Jesus knew his culture and the norms and peculiarities of living under Roman occupation. Whenever he taught his own people, he used parables and object lessons they were familiar with. Likewise, in order to love our closest neighbors and local community well, we have to be familiar with them. We have to participate in the experiences and details of local community life. We can’t live holed up in our homes or hidden behind picket fences. After all, our neighbors’ welfare and our own are intimately connected.
Just Who Is Our Neighbor?
Currently I teach courses at a local seminary. One of the classes is called “Discipleship Ministries.” An early assignment I give my students is to “walk their local neighborhood.” If they live in a rural area, they drive around their local community. Their assignment is to figure out what they can learn about their neighborhood and its culture so that they and their churches can love their local neighbors. I ask questions like: “What kinds of people live there?” “What is the ethnic makeup?” “What kinds of businesses dot the landscape?” and “Who are the invisible people?”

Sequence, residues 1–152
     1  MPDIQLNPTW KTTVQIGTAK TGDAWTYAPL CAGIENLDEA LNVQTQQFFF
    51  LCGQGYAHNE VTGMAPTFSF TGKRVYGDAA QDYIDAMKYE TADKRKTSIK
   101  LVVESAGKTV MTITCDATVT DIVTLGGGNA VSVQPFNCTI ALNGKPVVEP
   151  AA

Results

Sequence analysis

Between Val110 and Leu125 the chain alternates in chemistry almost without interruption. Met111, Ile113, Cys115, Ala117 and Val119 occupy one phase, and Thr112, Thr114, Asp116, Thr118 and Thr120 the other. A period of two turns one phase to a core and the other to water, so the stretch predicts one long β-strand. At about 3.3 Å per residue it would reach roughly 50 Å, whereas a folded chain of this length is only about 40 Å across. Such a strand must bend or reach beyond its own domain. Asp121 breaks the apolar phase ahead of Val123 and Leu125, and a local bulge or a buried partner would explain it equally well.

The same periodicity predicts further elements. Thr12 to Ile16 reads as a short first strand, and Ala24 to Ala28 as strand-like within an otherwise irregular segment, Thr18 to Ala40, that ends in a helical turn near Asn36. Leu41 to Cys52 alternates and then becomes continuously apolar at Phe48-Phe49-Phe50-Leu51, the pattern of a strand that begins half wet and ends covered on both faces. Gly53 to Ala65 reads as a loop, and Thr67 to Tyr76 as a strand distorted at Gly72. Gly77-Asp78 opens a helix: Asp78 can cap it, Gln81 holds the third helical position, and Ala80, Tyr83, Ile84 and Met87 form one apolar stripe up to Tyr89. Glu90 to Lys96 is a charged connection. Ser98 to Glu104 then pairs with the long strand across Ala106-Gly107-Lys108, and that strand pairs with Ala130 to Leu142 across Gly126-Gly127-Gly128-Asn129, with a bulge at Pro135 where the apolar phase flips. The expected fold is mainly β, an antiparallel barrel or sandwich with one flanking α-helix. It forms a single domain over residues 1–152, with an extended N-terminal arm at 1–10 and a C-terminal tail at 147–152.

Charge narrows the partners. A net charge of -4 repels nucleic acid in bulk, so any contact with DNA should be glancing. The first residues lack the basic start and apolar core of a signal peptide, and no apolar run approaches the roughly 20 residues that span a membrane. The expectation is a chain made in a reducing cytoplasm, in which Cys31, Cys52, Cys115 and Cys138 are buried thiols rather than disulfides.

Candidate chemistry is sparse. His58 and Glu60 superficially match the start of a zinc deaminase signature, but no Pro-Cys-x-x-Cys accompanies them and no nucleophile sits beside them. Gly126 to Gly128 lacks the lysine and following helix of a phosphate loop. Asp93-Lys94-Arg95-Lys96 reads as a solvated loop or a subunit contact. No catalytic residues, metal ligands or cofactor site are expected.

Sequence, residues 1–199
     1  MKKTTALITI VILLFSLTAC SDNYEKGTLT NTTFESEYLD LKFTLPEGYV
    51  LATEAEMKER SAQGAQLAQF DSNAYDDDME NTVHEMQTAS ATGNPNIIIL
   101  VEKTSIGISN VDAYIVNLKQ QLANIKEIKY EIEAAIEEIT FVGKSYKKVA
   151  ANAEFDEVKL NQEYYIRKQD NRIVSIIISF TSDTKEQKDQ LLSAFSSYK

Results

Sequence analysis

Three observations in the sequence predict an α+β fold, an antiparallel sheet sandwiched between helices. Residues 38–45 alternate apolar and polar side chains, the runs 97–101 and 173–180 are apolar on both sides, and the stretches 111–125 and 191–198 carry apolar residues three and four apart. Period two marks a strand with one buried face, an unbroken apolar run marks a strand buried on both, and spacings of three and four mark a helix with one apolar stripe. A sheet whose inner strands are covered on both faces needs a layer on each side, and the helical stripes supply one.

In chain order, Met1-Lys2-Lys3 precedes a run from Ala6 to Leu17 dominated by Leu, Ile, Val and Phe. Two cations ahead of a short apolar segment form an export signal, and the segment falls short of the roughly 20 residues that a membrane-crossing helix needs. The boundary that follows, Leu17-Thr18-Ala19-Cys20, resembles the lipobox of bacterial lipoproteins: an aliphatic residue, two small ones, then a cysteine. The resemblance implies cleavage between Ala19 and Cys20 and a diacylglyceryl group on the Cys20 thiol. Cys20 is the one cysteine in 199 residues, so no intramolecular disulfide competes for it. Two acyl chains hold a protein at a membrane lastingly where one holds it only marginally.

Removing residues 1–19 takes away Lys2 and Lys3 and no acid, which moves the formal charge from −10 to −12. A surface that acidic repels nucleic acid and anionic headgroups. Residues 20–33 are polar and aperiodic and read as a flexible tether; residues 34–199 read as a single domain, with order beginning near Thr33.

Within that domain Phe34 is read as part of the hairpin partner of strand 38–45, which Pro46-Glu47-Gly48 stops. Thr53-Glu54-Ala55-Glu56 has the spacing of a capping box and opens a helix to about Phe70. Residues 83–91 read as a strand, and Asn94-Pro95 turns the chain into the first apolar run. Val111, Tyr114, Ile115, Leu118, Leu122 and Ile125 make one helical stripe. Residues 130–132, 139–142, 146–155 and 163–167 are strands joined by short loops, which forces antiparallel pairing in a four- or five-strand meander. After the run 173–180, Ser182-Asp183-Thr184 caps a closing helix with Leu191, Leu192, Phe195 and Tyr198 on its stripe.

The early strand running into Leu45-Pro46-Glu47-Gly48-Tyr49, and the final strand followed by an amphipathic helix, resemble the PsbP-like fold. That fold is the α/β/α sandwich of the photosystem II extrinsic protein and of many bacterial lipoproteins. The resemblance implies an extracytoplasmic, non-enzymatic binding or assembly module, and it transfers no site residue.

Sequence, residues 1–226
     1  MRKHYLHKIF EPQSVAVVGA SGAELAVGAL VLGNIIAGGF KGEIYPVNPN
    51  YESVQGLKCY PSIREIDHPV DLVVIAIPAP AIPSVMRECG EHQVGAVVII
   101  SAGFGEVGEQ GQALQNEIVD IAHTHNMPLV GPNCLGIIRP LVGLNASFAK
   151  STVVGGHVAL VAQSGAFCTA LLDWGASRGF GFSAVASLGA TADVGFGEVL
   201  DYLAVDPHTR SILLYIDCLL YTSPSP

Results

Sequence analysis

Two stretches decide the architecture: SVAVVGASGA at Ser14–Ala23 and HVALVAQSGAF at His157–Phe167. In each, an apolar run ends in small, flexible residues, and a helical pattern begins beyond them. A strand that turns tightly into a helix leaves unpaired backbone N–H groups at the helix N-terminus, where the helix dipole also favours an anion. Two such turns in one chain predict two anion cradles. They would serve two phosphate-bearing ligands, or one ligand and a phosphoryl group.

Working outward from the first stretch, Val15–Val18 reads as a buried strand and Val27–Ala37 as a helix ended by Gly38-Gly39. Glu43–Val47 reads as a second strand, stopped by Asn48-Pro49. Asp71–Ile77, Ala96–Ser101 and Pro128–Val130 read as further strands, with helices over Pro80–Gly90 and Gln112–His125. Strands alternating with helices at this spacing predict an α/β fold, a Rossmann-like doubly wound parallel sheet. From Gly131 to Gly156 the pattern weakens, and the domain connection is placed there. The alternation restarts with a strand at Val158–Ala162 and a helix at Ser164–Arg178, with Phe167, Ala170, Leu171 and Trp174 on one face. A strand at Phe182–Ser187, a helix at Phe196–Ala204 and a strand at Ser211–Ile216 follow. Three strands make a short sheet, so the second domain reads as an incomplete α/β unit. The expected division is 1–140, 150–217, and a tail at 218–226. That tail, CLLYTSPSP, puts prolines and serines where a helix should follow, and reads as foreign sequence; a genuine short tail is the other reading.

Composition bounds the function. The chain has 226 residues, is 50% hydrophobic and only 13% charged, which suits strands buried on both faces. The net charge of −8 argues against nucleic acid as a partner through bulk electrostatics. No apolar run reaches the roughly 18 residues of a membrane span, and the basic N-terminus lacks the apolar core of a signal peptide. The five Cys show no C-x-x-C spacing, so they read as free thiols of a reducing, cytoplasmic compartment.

People who often are “invisible” in a community are the homebound elderly, those who live in trailer parks, refugees, and immigrants. I find that some students have never walked or driven their neighborhood with such intentionality and admit that they don’t really know their neighbors or what their neighborhood is like because they usually drive past it. Others have relationships with their neighbors but are trying to figure out how to better love and serve them.
We moved into our apartment complex on New Year’s Eve, in the dead of winter. Immediately I began praying for my neighbors, asking God to bless them and to draw them to himself. I knew it would take a while to build relationships. My desire was to be a blessing to them while knowing they would be a blessing to me, too—most of the time.